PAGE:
HPTN Bibliographic Record
Eshleman SH, Guay LA, Mwatha A, Cunningham SP, Brown ER, Musoke P, Mmiro F, Jackson JB. Comparison of nevirapine (NVP) resistance in Ugandan women 7 days vs. 6-8 weeks after single-dose nvp prophylaxis: HIVNET 012. AIDS Res Hum Retroviruses. 2004, 20: 595-99.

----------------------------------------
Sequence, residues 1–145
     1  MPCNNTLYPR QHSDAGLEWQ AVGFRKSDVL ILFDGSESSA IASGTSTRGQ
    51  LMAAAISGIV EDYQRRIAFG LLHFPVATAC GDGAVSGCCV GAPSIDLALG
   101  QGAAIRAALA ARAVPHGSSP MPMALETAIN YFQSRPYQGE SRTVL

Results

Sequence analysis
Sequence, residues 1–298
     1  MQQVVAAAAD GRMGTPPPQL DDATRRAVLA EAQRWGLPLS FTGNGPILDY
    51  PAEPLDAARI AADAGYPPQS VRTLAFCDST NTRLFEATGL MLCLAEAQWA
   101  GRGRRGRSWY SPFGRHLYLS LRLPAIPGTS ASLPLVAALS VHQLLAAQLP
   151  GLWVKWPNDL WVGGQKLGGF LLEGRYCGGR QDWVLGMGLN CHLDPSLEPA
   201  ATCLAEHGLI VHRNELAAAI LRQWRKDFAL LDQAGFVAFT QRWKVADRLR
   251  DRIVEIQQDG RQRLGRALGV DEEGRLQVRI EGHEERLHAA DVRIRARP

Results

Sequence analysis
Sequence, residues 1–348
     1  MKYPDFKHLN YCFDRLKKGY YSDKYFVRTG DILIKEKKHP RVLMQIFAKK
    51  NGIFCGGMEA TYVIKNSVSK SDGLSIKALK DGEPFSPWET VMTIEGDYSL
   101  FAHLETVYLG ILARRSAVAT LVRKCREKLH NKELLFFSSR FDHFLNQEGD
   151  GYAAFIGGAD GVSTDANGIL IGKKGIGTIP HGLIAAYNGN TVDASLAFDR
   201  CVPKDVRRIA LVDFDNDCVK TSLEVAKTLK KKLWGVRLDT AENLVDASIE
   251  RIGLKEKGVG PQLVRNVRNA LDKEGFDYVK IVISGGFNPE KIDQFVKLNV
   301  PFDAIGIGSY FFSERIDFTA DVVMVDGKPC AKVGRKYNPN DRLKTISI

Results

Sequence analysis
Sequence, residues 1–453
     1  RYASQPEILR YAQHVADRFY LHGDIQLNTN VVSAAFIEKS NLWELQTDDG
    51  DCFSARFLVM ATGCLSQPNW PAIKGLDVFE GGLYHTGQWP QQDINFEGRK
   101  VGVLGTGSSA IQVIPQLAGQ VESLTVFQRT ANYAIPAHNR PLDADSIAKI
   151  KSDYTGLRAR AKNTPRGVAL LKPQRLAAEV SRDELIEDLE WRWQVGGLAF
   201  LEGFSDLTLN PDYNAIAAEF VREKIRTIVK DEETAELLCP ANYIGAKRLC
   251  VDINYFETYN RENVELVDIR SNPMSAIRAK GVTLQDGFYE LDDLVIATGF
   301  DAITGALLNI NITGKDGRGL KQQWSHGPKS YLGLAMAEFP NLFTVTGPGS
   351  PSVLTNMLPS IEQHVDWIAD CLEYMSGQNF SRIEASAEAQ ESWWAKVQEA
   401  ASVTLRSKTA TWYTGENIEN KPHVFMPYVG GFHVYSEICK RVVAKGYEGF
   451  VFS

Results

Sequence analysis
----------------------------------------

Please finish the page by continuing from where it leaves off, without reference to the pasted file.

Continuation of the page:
We compared nevirapine (NVP) resistance (NVPR) mutations in maternal plasma 7 days vs. 6-8 weeks after single-dose NVP prophylaxis. In the HIVNET 012 trial, Ugandan women received a single dose of NVP in labor for prevention of HIV-1 mother-to-child transmission. NVPR mutations were detected in 70 (25%) of 279 women 6-8 weeks after NVP. Samples collected 7 days after NVP were analyzed from a subset of those 279 women. Genotyping was performed with the ViroSeq HIV-1 Genotyping System. NVPR was analyzed using paired samples from 7 days and 6-8 weeks after NVP. Sixty-five women had genotyping results obtained for samples collected at both 7 days and 6-8 weeks post-NVP. Twenty-one (32%) of those women had NVPR mutations detected in one or both samples. This included three women with NVPR at 7 days only, seven with NVPR at 6-8 weeks only, and 11 with NVPR at both time points. Eight women had >1 NVPR mutation detected 7 days after NVP. Y181C was the most common NVPR mutation detected at 7 days, whereas K103N was the most common NVPR mutation detected at 6-8 weeks. We conclude that NVPR may be detected in women as early as 7 days after single-dose NVP. Complex patterns of NVPR are detected in some women. The Y181C NVPR mutation often fades from detection by 6-8 weeks. In contrast, the K103N mutation emerges more slowly, but often remains detectable 6-8 weeks after NVP.